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2 definitions found

From: Webster's Revised Unabridged Dictionary (1913)

 De·rive v. t. [imp. & p. p. Derived p. pr. & vb. n. Deriving.]
 1. To turn the course of, as water; to divert and distribute into subordinate channels; to diffuse; to communicate; to transmit; -- followed by to, into, on, upon. [Obs.]
    For fear it [water] choke up the pits . . . they [the workman] derive it by other drains.   --Holland.
    Her due loves derived to that vile witch's share.   --Spenser.
    Derived to us by tradition from Adam to Noah.   --Jer. Taylor.
 2. To receive, as from a source or origin; to obtain by descent or by transmission; to draw; to deduce; -- followed by from.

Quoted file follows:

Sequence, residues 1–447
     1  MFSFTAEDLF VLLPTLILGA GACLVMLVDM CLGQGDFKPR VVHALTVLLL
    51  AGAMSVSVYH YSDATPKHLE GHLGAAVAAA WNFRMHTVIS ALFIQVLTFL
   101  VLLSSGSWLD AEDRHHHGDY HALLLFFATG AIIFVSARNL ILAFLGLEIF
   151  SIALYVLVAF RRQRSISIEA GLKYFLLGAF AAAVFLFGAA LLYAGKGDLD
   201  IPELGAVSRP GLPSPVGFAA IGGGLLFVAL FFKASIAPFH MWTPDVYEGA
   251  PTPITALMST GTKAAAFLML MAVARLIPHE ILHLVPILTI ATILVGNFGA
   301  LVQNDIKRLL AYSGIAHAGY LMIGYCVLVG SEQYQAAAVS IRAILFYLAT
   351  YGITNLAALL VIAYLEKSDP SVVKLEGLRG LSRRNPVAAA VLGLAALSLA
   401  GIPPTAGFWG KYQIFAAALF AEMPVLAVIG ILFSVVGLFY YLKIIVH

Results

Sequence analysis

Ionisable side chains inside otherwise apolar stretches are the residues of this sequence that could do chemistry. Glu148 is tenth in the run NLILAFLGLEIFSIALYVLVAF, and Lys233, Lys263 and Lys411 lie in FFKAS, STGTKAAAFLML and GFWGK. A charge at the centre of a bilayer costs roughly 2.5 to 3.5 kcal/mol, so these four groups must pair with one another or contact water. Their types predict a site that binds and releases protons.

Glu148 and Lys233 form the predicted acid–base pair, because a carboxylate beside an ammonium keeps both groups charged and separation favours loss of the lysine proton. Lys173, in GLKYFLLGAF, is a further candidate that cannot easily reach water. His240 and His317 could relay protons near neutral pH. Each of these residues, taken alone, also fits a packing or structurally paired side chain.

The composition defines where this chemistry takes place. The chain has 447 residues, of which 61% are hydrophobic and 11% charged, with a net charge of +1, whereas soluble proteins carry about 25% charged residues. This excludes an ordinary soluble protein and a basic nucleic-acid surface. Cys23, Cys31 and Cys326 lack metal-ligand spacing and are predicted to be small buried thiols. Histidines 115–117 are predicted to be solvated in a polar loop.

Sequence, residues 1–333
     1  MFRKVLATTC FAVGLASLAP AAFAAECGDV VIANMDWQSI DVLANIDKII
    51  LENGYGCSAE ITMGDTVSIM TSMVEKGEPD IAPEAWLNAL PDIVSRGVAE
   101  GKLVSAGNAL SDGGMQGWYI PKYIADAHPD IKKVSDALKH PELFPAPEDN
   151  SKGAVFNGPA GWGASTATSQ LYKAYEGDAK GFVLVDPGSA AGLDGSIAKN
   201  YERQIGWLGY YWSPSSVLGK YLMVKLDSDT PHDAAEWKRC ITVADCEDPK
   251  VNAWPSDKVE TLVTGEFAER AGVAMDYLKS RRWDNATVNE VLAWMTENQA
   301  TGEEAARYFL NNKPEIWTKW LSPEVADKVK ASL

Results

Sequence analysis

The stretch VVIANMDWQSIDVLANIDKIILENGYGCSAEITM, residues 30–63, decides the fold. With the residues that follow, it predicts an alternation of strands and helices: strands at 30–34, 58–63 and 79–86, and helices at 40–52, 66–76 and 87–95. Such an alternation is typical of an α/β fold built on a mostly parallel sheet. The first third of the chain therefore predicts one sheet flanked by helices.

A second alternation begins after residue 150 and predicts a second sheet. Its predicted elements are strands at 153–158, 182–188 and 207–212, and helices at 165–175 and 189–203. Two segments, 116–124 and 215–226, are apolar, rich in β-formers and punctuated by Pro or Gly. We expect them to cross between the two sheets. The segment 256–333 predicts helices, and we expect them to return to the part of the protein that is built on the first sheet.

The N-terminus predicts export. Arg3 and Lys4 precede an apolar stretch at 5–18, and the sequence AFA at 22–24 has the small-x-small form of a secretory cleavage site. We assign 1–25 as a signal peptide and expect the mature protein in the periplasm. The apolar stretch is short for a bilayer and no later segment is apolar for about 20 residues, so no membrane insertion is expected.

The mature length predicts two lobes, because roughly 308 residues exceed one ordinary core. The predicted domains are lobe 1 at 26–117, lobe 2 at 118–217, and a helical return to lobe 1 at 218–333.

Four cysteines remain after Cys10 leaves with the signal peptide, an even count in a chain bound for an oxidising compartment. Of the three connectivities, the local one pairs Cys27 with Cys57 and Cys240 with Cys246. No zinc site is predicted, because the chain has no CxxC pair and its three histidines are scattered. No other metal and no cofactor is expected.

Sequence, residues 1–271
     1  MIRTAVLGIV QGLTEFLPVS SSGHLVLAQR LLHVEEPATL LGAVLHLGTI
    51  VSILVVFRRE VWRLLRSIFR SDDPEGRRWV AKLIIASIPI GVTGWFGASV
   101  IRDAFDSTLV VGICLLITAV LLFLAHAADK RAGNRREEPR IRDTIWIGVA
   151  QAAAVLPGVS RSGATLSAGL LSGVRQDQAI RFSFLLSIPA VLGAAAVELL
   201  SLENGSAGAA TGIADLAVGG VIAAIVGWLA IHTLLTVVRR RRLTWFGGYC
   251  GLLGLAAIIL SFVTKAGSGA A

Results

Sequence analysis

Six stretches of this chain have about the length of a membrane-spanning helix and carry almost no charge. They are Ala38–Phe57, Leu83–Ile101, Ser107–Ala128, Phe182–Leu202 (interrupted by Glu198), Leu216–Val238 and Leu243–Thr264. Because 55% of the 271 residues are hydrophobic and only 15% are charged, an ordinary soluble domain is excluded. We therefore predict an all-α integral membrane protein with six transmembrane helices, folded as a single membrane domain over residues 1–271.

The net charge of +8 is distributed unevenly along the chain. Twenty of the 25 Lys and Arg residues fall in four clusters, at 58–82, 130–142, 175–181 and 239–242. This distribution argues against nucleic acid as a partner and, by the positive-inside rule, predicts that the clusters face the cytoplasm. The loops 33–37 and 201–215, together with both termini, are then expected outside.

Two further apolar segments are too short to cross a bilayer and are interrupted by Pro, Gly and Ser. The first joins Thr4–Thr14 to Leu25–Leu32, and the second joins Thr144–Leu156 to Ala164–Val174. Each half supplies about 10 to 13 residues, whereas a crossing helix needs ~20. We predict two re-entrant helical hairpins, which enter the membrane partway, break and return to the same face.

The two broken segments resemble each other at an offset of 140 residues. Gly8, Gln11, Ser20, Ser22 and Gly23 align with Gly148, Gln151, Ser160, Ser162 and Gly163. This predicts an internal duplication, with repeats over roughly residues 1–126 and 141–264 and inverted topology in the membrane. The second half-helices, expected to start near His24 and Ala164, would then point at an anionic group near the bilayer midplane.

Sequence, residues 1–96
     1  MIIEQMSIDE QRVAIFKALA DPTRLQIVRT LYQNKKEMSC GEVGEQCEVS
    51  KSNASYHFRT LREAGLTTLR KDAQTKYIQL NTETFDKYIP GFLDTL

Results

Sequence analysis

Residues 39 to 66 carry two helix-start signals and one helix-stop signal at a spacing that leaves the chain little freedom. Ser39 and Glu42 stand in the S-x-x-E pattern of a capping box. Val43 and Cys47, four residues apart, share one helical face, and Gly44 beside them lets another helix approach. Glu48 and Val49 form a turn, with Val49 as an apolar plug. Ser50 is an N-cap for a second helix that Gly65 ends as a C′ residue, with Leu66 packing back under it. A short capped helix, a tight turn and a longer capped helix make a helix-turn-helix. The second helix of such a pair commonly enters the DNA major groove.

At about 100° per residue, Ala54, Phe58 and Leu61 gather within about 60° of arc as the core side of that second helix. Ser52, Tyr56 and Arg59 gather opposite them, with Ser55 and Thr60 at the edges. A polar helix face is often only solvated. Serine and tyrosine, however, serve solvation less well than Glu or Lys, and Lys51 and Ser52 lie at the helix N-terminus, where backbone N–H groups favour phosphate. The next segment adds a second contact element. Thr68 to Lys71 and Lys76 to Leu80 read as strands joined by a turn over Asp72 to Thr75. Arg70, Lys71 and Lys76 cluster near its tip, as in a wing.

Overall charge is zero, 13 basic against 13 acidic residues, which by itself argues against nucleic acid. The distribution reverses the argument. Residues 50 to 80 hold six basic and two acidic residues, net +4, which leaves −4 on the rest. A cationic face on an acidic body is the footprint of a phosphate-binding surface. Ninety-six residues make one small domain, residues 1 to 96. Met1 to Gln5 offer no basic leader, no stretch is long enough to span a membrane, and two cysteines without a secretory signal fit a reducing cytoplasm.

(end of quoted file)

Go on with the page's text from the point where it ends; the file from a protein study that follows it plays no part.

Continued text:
3. To trace the origin, descent, or derivation of; to recognize transmission of; as, he derives this word from the Anglo-Saxon.
    From these two causes . . . an ancient set of physicians derived all diseases.   --Arbuthnot.
 4. Chem. To obtain one substance from another by actual or theoretical substitution; as, to derive an organic acid from its corresponding hydrocarbon.
 Syn: -- To trace; deduce; infer.

From: WordNet (r) 2.0

 deriving
      n : (historical linguistics) an explanation of the historical
          origins of a word or phrase [syn: derivation, etymologizing]